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Even if you’re never heard of Lawrence, buy a ticket. Photo provided via @desireediazphotos on Instagram.

Concert Review: Lawrence brings the house down at Saint Andrew’s Hall

Nothing has truly felt real since the rude awakening COVID-19 brought the world in March 2020, but on Friday night in the tightly packed Saint Andrew’s Hall in Detroit, Lawrence reminded every attendee — from those gripping the barricade to those rounding out the back — what it’s like to be alive.

Even though the band has entered the second half of its fall Hotel TV Tour, not one of its 8 members seemed even the slightest bit fatigued. Co-vocalists Gracie and Clyde Lawrence continuously gifted the audience with runs that would be inconceivable had they not been witnessed live; saxophonists Jordan Cohen and Sumner Becker jumped off stage and came within inches of the crowd to pour themselves into their parts 18 songs into the set; trumpeter Marc Langer flexed his rapping chops during a verse originally performed by Jon Bellion; and all of them fed the crowd enough for leftovers. 

For those few hours, nothing could go wrong. Imperfection was a foreign concept, and Lawrence only knew how to hit the right notes, how to engage the crowd via singalongs and how to make a cold November night feel like the beginning of summer. Credit is also due to the opener Nyla XO, an artist from Los Angeles whose angelic voice, dreamy soundscapes and magical band should be on everyone’s radar. 

Lawrence curated a perfect blend of new and old tracks as well as covers with an accompanying heavy dose of nostalgia. While it tackled immediate classics from this year’s Hotel TV and tracks from its sophomore album such as “The Heartburn Song,” the soul-pop outfit spliced in covers from every imaginable genre, including NSYNC’s “It’s Gonna Be Me,” Sean Paul’s “Get Busy,” every elementary-schooler’s favorite “Cha Cha Slide” and the theme from the old Nickelodeon show Hey Arnold! The high energy never let up — not like anyone in that room wanted it to.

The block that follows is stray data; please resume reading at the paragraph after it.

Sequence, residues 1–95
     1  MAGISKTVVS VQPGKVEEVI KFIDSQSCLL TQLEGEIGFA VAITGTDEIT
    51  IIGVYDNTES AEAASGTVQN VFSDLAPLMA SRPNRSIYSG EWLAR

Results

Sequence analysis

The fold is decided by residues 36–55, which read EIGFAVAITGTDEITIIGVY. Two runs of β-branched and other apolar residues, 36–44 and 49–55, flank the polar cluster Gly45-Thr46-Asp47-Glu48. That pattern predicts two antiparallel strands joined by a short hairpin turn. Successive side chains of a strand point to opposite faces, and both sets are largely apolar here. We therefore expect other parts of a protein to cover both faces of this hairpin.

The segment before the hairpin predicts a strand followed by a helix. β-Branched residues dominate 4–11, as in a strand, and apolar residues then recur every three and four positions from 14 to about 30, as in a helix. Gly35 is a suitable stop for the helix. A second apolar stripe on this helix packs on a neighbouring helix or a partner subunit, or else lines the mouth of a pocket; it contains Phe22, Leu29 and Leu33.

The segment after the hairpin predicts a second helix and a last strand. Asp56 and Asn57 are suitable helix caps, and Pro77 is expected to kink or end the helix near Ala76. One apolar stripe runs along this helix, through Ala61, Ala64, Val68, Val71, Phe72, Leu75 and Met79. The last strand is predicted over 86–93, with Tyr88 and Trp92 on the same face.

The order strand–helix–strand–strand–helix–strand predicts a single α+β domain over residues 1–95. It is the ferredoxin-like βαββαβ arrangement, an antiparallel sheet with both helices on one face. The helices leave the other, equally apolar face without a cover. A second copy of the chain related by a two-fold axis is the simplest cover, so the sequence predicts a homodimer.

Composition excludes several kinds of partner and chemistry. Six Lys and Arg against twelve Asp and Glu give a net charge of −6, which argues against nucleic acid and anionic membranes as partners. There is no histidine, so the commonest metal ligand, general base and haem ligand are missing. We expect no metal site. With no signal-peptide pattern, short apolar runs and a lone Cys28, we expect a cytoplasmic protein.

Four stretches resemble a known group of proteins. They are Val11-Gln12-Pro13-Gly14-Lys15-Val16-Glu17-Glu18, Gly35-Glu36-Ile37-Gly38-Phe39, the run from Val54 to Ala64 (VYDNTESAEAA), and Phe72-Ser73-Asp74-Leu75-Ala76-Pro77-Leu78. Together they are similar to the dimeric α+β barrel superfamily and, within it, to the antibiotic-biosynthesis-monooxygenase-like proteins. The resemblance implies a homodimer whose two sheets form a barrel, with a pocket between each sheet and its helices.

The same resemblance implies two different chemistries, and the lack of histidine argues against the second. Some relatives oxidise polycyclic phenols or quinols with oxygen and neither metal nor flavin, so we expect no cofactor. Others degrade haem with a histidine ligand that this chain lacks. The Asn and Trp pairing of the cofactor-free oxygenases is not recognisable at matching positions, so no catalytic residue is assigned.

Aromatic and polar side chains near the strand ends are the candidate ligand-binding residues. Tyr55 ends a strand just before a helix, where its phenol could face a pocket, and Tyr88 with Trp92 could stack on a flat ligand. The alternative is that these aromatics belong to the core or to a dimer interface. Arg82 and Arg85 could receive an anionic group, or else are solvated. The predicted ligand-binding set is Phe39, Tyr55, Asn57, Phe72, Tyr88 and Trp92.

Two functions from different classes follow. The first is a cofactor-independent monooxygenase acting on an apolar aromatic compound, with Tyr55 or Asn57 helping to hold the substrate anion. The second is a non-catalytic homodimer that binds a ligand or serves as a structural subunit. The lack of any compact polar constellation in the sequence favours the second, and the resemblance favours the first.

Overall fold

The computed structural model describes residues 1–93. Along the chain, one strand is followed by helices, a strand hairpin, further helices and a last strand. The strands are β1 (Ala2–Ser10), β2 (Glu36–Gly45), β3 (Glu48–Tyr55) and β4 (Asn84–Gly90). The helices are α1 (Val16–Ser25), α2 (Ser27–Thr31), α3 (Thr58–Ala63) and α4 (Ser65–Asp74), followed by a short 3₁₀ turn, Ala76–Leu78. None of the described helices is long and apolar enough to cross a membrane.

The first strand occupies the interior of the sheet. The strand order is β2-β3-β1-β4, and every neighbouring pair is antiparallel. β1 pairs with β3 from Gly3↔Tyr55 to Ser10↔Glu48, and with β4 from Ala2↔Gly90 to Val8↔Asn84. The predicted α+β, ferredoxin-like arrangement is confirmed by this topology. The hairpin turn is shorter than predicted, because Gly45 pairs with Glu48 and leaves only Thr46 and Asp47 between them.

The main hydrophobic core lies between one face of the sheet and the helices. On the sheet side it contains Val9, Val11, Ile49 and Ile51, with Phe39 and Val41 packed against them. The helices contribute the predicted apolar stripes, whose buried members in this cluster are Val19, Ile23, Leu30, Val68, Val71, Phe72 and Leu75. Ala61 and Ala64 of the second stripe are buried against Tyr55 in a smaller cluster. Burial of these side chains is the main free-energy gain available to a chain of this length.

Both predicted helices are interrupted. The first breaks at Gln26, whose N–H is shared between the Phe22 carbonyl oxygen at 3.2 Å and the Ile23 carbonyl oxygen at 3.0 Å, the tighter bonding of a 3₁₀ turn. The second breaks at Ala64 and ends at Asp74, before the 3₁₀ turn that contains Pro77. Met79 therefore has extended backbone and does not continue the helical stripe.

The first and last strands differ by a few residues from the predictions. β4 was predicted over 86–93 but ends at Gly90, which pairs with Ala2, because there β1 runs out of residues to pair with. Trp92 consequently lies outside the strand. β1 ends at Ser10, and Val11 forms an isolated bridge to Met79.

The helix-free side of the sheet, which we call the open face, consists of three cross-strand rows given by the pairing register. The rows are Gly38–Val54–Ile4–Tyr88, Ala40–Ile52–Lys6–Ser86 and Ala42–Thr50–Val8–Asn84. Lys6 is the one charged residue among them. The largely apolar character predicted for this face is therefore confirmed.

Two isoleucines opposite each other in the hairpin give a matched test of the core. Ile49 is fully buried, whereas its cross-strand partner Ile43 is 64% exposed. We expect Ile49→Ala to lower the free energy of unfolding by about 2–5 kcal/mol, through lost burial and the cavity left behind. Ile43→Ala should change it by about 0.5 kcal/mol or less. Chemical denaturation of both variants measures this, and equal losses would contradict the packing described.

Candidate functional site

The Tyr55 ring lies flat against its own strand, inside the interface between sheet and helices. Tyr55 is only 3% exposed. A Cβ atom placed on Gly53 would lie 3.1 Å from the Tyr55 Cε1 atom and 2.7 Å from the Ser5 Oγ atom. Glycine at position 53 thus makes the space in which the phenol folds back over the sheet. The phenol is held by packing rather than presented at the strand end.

A highlight of the night was fan favorite, “Shot.” Taken from Lawrence’s debut album, Breakfast, the track is one of the many moments in the band’s discography in which Gracie unveils her Broadway-caliber vocals and leaves no survivors. Between the booming saxophones, firm drums and delectable harmonies, Gracie just about broke the sound barrier and left the jaw of every person within a mile radius on the floor. In Lawrence’s concluder, a cover of “Tomorrow” from Annie, she tore the original to shreds, landing notes that can hardly be perceived — let alone appreciated enough — by the human brain. 

Before getting into “Thoughts from the ER (Silver Lining),” Clyde prefaced by sharing the background of the song, which addresses the sad reality of losing loved ones, something known all too well over the course of the pandemic. After it was revealed guitarist Jonny Koh lost his mother, someone who all of Lawrence said was a bright spot in their lives, the crowd washed a pool of love over Koh and cheered him on during his solo. A group of strangers all came together to make a difficult song to get through easier, and it was perfect.

The amazement kept coming and didn’t fade until fans shuffled back to their cars and it really set in that it was over. Even then, the unparalleled energy continued to percolate. Regardless of if you’ve ever heard a Lawrence song, or if you’ve ever even heard of the band, buy a ticket. The $20-ish is worth the irreplaceable two hours, the stupefying performances and absorbing the brilliance of a band that never gets old. 


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